Active: Maine Coon cats are moderately active. They enjoy being playful and interacting with the whole family but they also enjoy showing affection and cuddling up with the ones they love.
Size: The Maine Coon is a large, robust cat that ranges in size from 9 to 18 pounds.
Characteristics: The body of the Maine Coon is rectangular, muscular and solid with a broad chest.
Temperament: Maine Coon cats are lovable, adaptable, sweet-natured, affectionate and lively cats. There is a reason it is often ranked as one of the most popular breeds among fanciers. They are incredibly social and love to interact with their family. They can be wary of strangers but will eventually warm to them. They do well in families with children and other pets and are very interactive. Intelligent and playful, they love to learn new games like walking on a leash or playing fetch. Additionally, they are quite verbal and love to have a conversation with their family.
Care: While Maine Coons certainly have a shaggy and long coat, they are designed to weather the storm. Weekly brushing or combing will keep their coat looking lovely and help prevent hairballs. Regular ear cleaning and nail trimming will help your Maine Coon look its absolute best. It is also important to brush your cats teeth regularly to help them maintain fresh breath and prevent periodontal disease.
Coat: The Maine Coon is a large, hardy breed of cat. Their body and fur are designed to handle harsh weather and working life on the farm. They have medium-width heads that are slightly longer than it is wide with large, soulful eyes that will mesmerize anyone. They have a long, fluffy and flowing tail that waves hello to everyone.
Origin: The Maine Coon cat breed history, like some other cat breed histories, is a little cloudy and ambiguous. We know that they are indigenous to America and have been here since before colonial days. There have been many stories surrounding the origins of the Maine Coon but the most popular story is also the reason for its name. The story goes that a semi-wild, domestic cat mated with a raccoon and that is how the cat got its wild look and bushy tail. Of course, this theory is scientifically and genetically impossible but, nevertheless this is how the Maine Coon got its name. Another tale is that the Maine Coon came about as a result of a bobcat and a domestic cat mating. Many of the stories are amusing but highly unlikely. The most commonly held belief is that they are a result of shorthair domestic cats and oversea longhairs mating. The breed has been a longtime favorite among fanciers for its unique appearance and exceptional personality.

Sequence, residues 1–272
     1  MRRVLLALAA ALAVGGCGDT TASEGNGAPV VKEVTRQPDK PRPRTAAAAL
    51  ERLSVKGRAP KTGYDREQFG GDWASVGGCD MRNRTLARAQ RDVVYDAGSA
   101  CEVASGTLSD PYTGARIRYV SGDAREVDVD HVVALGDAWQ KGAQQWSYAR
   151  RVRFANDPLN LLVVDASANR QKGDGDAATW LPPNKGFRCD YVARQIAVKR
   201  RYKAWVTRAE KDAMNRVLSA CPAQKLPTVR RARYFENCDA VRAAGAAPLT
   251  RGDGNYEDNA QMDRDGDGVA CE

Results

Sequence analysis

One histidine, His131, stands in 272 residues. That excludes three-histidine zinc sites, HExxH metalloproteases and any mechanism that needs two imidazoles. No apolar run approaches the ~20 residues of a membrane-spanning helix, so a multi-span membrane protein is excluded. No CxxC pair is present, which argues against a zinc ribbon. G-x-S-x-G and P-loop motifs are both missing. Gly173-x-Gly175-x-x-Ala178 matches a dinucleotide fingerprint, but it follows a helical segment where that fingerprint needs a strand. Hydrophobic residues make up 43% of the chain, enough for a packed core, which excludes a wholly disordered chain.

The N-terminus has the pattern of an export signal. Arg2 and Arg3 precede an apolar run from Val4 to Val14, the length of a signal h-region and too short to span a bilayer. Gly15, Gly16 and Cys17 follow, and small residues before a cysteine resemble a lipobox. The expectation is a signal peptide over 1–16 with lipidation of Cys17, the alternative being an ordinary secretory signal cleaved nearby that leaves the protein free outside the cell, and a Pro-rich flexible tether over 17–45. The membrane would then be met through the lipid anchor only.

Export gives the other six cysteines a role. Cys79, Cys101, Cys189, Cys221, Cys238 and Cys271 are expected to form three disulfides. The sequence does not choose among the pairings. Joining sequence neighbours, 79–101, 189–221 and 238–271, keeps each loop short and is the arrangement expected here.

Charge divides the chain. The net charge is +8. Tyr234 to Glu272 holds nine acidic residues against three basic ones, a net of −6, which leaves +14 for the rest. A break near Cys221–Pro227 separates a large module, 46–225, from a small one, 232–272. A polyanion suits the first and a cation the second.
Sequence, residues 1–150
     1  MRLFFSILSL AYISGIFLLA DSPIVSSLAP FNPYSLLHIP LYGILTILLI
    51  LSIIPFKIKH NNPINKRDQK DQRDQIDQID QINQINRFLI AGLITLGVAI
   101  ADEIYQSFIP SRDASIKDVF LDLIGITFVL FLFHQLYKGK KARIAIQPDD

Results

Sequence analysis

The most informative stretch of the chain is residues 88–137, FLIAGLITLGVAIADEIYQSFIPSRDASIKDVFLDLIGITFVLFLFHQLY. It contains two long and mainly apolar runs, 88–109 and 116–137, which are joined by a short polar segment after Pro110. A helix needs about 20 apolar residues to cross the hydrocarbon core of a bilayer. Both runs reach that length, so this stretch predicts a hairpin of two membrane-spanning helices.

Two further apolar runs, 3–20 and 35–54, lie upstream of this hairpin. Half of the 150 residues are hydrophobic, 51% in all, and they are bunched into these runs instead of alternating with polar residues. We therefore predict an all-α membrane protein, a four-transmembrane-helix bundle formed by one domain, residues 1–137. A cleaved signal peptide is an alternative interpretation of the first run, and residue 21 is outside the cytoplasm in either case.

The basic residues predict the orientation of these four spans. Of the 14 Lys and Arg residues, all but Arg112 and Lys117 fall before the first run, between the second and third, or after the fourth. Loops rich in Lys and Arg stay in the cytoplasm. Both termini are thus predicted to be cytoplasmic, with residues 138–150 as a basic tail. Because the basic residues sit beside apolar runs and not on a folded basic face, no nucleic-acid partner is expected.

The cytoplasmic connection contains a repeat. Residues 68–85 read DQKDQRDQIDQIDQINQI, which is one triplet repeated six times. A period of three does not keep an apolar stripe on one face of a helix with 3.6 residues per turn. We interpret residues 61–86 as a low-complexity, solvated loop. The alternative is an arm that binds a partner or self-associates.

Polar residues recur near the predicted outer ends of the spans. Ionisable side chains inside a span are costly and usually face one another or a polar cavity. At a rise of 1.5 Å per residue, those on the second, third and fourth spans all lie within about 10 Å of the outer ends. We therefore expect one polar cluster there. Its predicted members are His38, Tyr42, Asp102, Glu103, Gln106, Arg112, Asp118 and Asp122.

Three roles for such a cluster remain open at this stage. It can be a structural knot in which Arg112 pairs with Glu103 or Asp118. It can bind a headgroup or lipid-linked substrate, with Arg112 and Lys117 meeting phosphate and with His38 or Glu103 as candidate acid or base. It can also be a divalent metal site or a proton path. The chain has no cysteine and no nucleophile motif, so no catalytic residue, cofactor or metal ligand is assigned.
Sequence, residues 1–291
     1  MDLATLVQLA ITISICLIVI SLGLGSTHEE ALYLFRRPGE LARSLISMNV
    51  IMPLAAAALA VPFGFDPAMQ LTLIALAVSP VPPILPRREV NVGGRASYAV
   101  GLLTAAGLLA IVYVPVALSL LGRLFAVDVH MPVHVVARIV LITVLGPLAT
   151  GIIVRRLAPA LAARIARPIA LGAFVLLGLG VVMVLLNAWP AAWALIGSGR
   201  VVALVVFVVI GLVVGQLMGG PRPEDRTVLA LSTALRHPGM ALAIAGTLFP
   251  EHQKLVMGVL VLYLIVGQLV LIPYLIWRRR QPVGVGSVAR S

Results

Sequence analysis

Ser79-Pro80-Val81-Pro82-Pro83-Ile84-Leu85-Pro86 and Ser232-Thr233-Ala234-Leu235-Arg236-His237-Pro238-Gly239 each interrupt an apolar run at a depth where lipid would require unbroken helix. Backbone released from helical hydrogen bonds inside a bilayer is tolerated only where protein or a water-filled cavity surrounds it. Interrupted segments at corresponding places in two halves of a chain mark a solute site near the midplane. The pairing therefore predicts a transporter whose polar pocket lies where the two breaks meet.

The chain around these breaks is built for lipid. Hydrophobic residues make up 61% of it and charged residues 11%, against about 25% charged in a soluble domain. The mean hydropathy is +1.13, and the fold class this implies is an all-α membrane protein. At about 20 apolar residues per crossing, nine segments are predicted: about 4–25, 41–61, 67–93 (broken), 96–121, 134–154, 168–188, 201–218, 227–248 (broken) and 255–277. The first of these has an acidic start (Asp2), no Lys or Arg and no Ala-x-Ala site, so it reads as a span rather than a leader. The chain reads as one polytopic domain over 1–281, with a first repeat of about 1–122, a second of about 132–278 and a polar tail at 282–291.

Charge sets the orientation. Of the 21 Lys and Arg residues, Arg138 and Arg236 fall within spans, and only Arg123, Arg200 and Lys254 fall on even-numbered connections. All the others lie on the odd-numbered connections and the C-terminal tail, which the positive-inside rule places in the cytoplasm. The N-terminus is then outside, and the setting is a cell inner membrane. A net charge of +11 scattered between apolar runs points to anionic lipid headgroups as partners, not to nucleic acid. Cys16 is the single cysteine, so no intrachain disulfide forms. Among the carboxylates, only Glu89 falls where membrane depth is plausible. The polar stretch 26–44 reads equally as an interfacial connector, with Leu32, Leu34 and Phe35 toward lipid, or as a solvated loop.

Maine Coons competed at some of the earliest cat shows in the 1800s. Maine Coon was first mentioned in print in 1861 when a black and white cat named Captain Jenks of the Marines was discussed. Maine Coon cats grew in popularity at cat shows and the 1903 book The Book of the Cat mentioned that a brown tabby Maine Cat (as they were known at the time) won best cat at the first all-breed cat show at Madison Square Garden in 1895. But, as often happens with fashion and trends, as more exotic breeds began to be imported, the appeal of the Maine Coon died down and, shockingly, became almost 1960s, things began to turn around for the Maine Coon cat breed. In 1968, the Maine Coon Breeders and Fanciers Association was founded and dedicated breeders set forth a concerted effort to revive the breed. Once Maine Coon fanciers got the ball rolling, the breed once again thrived and was accepted by all major associations for championship status.